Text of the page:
Weathering the Storm
U.S.-Japan Leadership in Indo-Pacific Energy Security
On August 15, 2023, in Seattle, NBR hosted a high-level roundtable on U.S.-Japan leadership in Indo-Pacific energy security to analyze the United States’s and Japan’s respective roles in the energy space as APEC host and G-7 president, respectively. Following keynote remarks by Senator Joe Nguyễn, Representative for Washington State’s 34th Legislative District and Chair of the Environment, Energy, and Technology Committee in the Washington State Senate, the discussion focused on U.S. and Japanese domestic and international energy security strategies, particularly within the contexts of the Fukushima nuclear disaster and the Russian invasion of Ukraine. Key findings from the discussion include the following:
Diverse Energy Pathways for Each Country
- As was also noted in discussions at the G-7 Summit in Japan, it is important to continue encouraging and enabling a diverse range of energy transition pathways in order for countries to achieve their domestic net-zero goals while strengthening national and regional energy security.
- The degree to which countries utilize liquified natural gas (LNG), nuclear energy, or renewable energy resources will vary, depending on their specific circumstances, such as existing capacity, national emissions reduction targets, and cost.
The Effects of the Global Divide on Energy Security
- As a result of the Russia-Ukraine conflict, energy prices have increased and energy security has returned to the agenda. Even developed countries like Japan and the United States are vulnerable to higher costs.
- The global North and the global South face affordability and power supply concerns:
- Europe last year could afford to buy global supplies like LNG at high prices, but Bangladesh, India, and African countries could not afford such resources and are facing severe electricity shortages. As a result of higher costs and low supplies, many countries in the global South are reverting to traditional fossil fuels. These trends threaten to delay or derail energy transitions worldwide.
- Countries in the global North must work together to minimize transition costs for the global South, particularly in regions like Southeast Asia, where decisions on the exact energy mixes should be made cautiously.
Energy System Resilience
- It is important to expand the concept of energy system resilience beyond energy security in the traditional sense, which was defined as the recovery of the energy system and the return to its original functionality.
- The Covid-19 pandemic and the Russian invasion of Ukraine underscored the importance of (1) communication of resilience priorities to support supply chain security, (2) inclusion of the economic priorities held by community stakeholders within the recovery process, and (3) improvement of communication about shock-induced vulnerabilities between nations.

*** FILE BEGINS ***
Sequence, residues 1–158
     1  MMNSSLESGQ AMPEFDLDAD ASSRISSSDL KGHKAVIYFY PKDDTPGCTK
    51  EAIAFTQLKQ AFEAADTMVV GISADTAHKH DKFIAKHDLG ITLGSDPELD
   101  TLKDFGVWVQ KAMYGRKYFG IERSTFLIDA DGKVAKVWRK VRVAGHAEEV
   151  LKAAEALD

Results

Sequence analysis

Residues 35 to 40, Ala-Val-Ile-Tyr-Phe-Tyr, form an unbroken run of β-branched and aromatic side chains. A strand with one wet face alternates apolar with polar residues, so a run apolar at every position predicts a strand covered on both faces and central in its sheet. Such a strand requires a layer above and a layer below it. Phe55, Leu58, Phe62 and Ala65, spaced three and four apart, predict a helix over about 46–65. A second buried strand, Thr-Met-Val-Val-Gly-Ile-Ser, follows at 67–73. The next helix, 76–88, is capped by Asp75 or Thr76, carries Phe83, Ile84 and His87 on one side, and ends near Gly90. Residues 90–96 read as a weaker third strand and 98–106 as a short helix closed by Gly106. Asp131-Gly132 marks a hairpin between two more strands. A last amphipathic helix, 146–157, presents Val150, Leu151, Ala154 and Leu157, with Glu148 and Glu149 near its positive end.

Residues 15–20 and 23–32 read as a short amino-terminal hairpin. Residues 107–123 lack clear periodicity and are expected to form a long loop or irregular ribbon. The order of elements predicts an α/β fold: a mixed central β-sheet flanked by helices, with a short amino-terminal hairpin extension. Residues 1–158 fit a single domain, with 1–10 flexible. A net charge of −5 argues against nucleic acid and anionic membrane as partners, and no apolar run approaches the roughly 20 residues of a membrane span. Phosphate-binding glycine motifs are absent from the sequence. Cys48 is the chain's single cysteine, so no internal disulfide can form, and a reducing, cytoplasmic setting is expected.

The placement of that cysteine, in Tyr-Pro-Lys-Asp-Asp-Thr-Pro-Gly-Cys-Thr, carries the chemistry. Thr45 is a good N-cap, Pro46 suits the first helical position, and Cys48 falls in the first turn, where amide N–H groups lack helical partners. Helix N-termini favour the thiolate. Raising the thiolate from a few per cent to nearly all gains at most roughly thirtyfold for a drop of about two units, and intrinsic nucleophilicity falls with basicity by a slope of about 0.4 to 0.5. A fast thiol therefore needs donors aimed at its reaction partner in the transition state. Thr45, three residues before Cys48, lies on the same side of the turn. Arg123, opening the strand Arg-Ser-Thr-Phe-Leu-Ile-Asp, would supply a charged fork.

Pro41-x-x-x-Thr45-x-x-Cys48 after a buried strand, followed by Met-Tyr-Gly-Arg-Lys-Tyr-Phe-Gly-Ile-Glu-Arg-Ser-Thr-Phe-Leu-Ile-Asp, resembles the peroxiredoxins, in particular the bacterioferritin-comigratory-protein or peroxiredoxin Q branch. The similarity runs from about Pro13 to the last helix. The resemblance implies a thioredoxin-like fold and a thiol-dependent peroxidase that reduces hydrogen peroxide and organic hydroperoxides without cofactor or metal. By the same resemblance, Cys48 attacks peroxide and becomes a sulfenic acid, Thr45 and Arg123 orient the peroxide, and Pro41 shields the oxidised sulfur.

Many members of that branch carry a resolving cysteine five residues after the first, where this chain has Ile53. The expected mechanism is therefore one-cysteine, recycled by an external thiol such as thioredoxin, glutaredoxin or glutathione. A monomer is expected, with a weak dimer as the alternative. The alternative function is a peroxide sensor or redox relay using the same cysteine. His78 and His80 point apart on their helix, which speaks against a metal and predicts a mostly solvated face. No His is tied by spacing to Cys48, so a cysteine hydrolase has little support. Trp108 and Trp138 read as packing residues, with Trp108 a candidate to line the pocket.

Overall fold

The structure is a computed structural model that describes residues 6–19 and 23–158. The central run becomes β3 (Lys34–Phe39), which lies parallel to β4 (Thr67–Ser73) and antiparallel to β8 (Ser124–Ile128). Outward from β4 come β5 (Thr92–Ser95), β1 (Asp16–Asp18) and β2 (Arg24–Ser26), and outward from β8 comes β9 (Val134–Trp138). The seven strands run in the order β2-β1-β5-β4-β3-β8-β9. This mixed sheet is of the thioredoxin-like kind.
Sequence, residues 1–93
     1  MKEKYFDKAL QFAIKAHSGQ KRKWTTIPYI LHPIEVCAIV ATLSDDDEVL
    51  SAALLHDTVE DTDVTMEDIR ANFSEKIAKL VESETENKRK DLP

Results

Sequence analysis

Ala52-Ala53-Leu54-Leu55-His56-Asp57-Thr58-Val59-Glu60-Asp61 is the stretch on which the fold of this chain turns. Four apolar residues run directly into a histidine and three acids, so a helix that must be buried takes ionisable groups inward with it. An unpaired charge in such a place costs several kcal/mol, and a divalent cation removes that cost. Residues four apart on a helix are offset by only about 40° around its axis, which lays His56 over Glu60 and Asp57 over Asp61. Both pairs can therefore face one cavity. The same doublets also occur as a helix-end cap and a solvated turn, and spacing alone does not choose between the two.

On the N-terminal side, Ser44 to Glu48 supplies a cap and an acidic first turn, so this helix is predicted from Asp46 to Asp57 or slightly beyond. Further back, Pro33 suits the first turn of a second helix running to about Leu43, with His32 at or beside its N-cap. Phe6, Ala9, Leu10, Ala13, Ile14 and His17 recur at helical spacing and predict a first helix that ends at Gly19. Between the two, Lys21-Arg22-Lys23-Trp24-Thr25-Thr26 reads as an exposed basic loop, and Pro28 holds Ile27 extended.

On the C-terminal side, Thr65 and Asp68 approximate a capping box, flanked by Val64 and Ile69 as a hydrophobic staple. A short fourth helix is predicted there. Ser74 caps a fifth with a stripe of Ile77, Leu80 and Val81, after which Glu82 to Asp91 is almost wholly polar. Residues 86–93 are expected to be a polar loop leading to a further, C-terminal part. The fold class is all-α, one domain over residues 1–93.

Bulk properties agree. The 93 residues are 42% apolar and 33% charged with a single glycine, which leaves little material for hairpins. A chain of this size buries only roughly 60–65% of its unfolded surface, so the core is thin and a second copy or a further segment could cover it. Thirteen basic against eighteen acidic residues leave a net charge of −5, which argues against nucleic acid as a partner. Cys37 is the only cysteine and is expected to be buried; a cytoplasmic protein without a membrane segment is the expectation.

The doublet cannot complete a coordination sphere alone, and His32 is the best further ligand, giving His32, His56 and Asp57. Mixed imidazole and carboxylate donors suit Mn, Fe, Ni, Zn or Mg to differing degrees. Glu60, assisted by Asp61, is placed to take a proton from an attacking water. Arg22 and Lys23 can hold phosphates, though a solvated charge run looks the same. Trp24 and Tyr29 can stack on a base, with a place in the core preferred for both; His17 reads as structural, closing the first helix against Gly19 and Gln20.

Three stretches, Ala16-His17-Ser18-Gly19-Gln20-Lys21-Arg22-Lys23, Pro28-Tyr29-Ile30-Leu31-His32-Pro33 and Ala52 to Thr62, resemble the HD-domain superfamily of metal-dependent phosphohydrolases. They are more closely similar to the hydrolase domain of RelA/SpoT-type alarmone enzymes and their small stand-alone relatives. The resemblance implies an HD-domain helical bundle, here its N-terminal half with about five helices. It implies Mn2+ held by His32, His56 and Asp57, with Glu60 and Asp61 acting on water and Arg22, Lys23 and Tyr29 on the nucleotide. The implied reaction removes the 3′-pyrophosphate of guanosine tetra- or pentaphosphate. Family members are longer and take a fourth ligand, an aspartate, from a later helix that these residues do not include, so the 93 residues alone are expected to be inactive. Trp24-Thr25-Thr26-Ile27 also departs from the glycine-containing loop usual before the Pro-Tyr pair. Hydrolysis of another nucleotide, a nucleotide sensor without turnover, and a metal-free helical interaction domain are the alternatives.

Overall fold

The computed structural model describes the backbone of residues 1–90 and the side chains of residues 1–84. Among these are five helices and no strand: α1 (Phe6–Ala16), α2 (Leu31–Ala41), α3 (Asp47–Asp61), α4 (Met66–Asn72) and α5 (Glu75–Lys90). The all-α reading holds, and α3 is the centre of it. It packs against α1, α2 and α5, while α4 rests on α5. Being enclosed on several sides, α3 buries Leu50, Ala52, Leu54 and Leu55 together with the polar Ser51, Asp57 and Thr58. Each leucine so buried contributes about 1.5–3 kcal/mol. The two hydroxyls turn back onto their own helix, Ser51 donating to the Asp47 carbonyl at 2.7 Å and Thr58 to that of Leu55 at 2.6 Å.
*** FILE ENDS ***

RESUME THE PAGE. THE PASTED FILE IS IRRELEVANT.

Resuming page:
The release of treated water from the Fukushima nuclear power plant into the ocean has highlighted both the local and geopolitical challenges of adding nuclear energy to the energy mix:
- Domestically, the Japanese government took early actions to establish regulations on food and water radiation levels. However, a failure to communicate the significance of interrelated regulations for food, energy, and water policies to the public has led to widespread confusion and misconceptions.
- Internationally, neighboring countries have used the release of nuclear wastewater as a geopolitical talking point to leverage against Japan.
- Both domestic and international elements of the Fukushima wastewater release could hold valuable lessons for the United States and other countries as they consider adopting more nuclear energy within the domestic energy mix.
U.S.-Japan Cooperation on Regional Energy Security
- U.S. leadership through the Mineral Security Partnership could be crucial to setting the agenda on critical minerals investment.
- Small hydropower development in certain countries should be explored as a potential area for greater bilateral cooperation.
- The United States and Japan should increase bilateral collaboration on nuclear energy technology research and demonstration between national labs.
- The deployment of charging infrastructure for electric vehicles is a huge project that needs careful planning and is one potential area where the United States and Japan could work together.
- Japan is well-equipped to lead feasibility studies on hydrogen and ammonia in Southeast Asia, and the United States should support these efforts through developing hydrogen-hub projects and researching hydrogen utilization in port areas.
- In addition to bilateral cooperation, the Quad framework offers complementary multilateral opportunities for developing hydrogen energy storage.
Clara Gillispie, The National Bureau of Asian Research
Ken Koyama, Institute for Energy Economics, Japan
Senator Joe Nguyễn, Chair of the Environment, Energy & Technology Committee,
Washington State Senate
Ryo Nasu, Japan Organization for Metals and Energy Security
Soichiro Shibata, Monitor Deloitte
Jennifer Sklarew, George Mason University
Senator Joe Nguyễn, Chair of the Environment, Energy & Technology Committee, Washington State Senate, delivers keynote remarks.